Securing a top-notch technology team is a moment that invigorates every business leader. Let's say you're a startup, fresh off the first rounds of testing your concepts through an MVP and looking toward an implementation at scale. You've found a set of individuals who are not only technical wizards but also show a keen interest in what you're building. This is the pivotal moment to scrutinize whether the team understands your broader strategic goals, your corporate culture, and your technology roadmap. In many cases there's a lack of folks that can navigate both the technical and business aspects of any initiative from a strategic level. I've heard, over and over, in my time in industry that an individual like that is a "unicorn" that doesn't exist.
But that's not the case. There is often one overlooked role that can be a game-changer in ensuring your technology aligns with your business objectives— the Functional Architect and with the massive change in the technology landscape, this role is pivotal, now more than ever. This is a key focus at ODNOS and our teams are structured in a way that surfaces the benefits of this key role and the creativity it spawns.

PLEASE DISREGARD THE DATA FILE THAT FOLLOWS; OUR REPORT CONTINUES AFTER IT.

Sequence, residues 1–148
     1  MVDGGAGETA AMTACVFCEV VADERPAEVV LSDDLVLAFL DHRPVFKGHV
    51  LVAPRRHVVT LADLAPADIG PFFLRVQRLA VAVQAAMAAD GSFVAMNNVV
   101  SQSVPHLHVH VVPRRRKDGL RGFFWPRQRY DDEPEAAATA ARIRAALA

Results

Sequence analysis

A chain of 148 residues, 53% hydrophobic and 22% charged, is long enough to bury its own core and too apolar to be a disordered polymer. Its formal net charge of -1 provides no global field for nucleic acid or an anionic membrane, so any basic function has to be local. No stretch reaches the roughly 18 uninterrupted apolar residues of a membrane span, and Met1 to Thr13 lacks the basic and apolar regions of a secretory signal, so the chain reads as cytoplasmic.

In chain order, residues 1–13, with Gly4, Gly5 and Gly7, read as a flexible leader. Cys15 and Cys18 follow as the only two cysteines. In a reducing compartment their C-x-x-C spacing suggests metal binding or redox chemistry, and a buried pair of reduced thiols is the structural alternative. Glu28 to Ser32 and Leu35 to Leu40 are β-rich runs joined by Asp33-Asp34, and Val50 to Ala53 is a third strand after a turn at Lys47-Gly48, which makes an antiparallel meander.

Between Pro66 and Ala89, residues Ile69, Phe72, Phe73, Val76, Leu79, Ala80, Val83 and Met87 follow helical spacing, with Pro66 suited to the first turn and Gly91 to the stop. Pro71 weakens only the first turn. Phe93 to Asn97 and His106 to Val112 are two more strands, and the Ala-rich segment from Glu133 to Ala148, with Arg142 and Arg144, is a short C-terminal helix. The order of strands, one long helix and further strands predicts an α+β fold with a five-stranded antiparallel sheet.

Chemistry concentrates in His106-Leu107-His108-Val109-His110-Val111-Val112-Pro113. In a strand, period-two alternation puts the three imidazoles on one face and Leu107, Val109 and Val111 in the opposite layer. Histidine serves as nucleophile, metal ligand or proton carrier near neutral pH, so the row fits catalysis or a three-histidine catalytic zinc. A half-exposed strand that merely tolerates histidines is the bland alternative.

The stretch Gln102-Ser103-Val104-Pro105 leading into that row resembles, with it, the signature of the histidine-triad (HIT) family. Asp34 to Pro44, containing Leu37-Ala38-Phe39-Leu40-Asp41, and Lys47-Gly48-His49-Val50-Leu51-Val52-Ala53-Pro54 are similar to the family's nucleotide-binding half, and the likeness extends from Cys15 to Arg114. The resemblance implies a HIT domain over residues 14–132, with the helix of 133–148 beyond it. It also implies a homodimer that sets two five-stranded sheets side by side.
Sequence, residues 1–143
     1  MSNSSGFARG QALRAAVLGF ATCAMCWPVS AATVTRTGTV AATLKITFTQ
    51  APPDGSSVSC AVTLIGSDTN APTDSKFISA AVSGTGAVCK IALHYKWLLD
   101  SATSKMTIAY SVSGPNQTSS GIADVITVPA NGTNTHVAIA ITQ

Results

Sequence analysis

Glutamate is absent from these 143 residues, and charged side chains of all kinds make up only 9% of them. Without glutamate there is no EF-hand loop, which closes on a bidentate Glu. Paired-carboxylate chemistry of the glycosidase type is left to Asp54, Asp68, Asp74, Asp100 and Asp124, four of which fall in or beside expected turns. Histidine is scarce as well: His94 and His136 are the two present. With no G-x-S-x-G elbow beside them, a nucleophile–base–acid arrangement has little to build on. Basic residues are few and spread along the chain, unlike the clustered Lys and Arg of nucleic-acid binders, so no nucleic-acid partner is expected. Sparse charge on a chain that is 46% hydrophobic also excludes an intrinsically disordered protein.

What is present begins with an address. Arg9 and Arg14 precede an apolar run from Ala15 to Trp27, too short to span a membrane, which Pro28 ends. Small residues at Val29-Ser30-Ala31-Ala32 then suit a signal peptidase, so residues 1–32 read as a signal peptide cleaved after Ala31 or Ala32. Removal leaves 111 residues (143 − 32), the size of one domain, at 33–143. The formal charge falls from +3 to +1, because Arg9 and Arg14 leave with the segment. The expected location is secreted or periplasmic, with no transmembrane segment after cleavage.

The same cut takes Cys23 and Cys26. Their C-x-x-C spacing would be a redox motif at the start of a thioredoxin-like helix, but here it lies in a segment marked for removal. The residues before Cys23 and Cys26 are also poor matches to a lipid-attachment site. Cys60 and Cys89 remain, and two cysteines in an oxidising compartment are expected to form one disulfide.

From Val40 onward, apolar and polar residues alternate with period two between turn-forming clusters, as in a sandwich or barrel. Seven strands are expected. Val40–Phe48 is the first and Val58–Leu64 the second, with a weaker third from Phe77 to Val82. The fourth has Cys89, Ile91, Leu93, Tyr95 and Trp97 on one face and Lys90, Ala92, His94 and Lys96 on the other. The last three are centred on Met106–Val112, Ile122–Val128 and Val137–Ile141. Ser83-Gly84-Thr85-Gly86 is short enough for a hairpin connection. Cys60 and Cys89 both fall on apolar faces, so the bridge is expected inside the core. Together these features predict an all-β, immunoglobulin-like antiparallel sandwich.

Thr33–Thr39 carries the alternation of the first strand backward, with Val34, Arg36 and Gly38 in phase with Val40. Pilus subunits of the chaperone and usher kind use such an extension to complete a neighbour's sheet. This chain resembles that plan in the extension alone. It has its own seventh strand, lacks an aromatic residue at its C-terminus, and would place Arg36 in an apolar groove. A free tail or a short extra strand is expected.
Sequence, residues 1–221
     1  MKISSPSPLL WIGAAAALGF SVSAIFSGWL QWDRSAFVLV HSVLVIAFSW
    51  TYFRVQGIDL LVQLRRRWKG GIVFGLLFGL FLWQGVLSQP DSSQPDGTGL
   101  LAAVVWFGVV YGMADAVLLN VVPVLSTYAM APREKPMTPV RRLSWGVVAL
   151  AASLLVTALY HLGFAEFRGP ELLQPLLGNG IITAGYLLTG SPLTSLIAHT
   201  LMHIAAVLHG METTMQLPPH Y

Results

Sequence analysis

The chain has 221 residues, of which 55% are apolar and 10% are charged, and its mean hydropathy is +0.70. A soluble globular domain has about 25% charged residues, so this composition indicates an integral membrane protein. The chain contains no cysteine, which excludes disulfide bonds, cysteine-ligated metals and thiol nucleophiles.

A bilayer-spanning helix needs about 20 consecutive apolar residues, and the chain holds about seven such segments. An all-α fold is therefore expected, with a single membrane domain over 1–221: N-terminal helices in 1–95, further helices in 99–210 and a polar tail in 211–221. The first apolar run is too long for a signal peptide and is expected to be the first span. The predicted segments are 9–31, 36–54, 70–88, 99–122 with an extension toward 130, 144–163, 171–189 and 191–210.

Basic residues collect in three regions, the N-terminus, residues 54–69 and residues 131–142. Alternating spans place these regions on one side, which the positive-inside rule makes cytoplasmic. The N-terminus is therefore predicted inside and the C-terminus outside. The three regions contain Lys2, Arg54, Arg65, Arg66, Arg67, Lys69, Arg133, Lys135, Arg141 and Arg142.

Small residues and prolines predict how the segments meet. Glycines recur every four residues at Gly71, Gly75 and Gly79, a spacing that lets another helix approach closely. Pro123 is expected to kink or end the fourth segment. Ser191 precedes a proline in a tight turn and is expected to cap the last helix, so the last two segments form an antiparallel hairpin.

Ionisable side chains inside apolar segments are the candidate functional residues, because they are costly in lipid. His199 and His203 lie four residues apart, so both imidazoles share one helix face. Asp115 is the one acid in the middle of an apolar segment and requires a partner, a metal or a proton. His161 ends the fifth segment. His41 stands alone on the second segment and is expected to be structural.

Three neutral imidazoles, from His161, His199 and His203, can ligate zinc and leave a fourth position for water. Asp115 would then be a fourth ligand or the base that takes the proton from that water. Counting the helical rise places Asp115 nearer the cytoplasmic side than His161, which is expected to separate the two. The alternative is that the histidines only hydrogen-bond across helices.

Why the Need for a Functional Architect?
Before we dig deep into the caveats and best practices of building a technology team, let's define what a Functional Architect is. Often viewed as the bridge between the business and technical teams, a Functional Architect ensures that the entire architectural design of a business solution aligns well with the organizational needs. They often work closely with business analysts, technical architects, UI/UX and visual designers, as well as business stakeholders to translate business objectives into technical requirements. When combined with an accelerated configurable platform, they have the ability, at some level, to span across the role of project manager, business analyst, administrator, technical architect, and developer and because of it, they are a hub of coordination in a high functioning team.
The Importance of Alignment: